This case report presents a case of prosthetic rehabilitation of an amputated thumb. It emphasizes that prosthetic replacement is a better option for aesthetic and psychological improvement, particularly in cases where the victim is unwilling to undergo complicated surgical procedures for reconstruction of thumb or where functioning of thumb cannot be restored even by multiple surgeries. In the present case, a 20 years old female patient, with missing thumb of her right hand was rehabilitated...

  15. Classifying prosthetic use via accelerometry in persons with transtibial amputations

    Directory of Open Access Journals (Sweden)

    Morgan T. Redfield, MSEE

    2013-12-01

    Full Text Available Knowledge of how persons with amputation use their prostheses and how this use changes over time may facilitate effective rehabilitation practices and enhance understanding of prosthesis functionality. Perpetual monitoring and classification of prosthesis use may also increase the health and quality of life for prosthetic users. Existing monitoring and classification systems are often limited in that they require the subject to manipulate the sensor (e.g., attach, remove, or reset a sensor, record data over relatively short time periods, and/or classify a limited number of activities and body postures of interest. In this study, a commercially available three-axis accelerometer (ActiLife ActiGraph GT3X+ was used to characterize the activities and body postures of individuals with transtibial amputation. Accelerometers were mounted on prosthetic pylons of 10 persons with transtibial amputation as they performed a preset routine of actions. Accelerometer data was postprocessed using a binary decision tree to identify when the prosthesis was being worn and to classify periods of use as movement (i.e., leg motion such as walking or stair climbing, standing (i.e., standing upright with limited leg motion, or sitting (i.e., seated with limited leg motion. Classifications were compared to visual observation by study researchers. The classifier achieved a mean +/– standard deviation accuracy of 96.6% +/– 3.0%.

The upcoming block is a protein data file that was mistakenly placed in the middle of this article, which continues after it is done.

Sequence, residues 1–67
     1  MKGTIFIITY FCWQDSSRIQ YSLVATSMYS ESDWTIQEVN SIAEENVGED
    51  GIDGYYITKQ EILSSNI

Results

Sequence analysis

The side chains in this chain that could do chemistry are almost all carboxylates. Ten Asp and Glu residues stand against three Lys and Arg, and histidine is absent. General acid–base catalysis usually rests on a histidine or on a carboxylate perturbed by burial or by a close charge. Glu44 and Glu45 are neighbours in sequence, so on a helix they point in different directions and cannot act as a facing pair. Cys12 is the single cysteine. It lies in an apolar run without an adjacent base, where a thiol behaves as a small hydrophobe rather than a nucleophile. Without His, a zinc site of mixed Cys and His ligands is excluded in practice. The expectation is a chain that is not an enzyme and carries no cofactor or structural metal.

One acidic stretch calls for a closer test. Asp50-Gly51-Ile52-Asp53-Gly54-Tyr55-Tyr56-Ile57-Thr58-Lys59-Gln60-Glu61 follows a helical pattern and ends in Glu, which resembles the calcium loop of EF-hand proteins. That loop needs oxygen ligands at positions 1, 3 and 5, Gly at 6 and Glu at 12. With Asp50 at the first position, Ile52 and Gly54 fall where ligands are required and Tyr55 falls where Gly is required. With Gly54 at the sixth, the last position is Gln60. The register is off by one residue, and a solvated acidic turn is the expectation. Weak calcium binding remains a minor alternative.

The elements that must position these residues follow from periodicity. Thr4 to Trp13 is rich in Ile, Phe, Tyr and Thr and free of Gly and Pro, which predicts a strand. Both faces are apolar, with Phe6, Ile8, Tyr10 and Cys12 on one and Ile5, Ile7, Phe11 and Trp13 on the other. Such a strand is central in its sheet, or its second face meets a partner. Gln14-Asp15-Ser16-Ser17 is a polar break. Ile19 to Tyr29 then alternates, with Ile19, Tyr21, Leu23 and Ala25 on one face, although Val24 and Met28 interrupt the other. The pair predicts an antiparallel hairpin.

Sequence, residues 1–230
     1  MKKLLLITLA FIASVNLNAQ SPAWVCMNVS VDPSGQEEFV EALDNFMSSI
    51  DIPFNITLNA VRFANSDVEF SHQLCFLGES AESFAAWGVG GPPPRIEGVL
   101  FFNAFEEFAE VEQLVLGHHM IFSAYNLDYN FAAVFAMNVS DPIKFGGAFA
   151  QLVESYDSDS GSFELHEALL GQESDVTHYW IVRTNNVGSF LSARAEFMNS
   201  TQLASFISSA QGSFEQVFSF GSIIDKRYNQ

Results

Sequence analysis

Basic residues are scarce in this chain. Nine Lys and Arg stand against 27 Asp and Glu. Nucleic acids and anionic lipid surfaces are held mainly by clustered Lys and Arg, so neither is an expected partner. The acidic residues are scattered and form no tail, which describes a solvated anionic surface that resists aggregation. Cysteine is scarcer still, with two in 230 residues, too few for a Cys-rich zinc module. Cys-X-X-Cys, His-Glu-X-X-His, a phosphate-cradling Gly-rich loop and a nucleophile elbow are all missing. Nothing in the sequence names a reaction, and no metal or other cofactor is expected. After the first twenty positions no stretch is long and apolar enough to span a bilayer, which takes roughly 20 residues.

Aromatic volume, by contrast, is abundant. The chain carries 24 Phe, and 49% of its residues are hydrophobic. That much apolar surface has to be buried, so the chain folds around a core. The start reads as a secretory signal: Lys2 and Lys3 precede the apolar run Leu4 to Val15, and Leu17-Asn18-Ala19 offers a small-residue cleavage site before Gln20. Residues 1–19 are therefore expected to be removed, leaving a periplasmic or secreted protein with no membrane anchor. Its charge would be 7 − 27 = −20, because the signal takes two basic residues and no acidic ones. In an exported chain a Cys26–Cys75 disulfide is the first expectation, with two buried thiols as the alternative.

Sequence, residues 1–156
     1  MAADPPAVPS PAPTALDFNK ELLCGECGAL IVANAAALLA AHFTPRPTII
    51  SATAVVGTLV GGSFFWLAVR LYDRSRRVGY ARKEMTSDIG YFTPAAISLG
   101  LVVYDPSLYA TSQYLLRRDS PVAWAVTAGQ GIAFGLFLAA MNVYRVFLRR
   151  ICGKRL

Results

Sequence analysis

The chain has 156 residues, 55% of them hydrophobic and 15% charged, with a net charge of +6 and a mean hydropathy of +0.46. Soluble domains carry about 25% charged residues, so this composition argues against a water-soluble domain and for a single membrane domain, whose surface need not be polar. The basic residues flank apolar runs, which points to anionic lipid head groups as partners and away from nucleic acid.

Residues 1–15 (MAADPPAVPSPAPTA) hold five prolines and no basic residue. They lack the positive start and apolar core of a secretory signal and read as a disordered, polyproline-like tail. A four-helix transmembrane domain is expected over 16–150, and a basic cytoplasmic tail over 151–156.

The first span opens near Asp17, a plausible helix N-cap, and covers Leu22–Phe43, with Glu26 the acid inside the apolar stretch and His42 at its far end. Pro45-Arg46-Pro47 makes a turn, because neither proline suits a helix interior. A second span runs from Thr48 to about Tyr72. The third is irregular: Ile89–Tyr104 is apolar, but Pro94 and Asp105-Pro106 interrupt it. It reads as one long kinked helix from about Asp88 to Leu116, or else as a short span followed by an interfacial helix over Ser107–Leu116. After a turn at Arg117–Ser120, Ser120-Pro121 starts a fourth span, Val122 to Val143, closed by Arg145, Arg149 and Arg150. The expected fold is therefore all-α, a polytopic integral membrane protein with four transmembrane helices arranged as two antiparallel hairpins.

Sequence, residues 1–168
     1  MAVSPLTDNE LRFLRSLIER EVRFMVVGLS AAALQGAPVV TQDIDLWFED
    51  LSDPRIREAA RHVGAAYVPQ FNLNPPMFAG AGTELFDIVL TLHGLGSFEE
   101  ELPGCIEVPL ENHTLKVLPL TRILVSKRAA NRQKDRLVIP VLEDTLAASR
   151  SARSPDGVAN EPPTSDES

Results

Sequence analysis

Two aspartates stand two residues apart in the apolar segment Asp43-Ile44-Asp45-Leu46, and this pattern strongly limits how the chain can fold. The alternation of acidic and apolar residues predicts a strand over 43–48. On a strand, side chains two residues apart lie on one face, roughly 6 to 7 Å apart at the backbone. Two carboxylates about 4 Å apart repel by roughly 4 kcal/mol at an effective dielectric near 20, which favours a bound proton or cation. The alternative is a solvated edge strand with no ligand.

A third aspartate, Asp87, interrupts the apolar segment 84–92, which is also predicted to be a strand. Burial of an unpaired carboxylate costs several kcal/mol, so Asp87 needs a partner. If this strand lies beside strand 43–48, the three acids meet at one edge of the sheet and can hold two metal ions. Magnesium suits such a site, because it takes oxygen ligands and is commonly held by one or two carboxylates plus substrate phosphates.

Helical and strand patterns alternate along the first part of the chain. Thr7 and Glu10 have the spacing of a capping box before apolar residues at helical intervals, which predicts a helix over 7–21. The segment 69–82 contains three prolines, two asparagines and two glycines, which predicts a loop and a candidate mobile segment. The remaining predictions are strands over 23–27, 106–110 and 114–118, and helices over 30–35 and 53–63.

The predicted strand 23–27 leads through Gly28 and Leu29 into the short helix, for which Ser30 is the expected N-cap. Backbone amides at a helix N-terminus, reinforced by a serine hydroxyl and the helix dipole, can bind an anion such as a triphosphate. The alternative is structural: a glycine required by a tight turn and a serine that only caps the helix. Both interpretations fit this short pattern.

16. Ray amputation for the treatment of foot macrodactyly in children.

    Science.gov (United States)

    Kim, J; Park, J W; Hong, S W; Jeong, J Y; Gong, H S; Baek, G H

    2015-10-01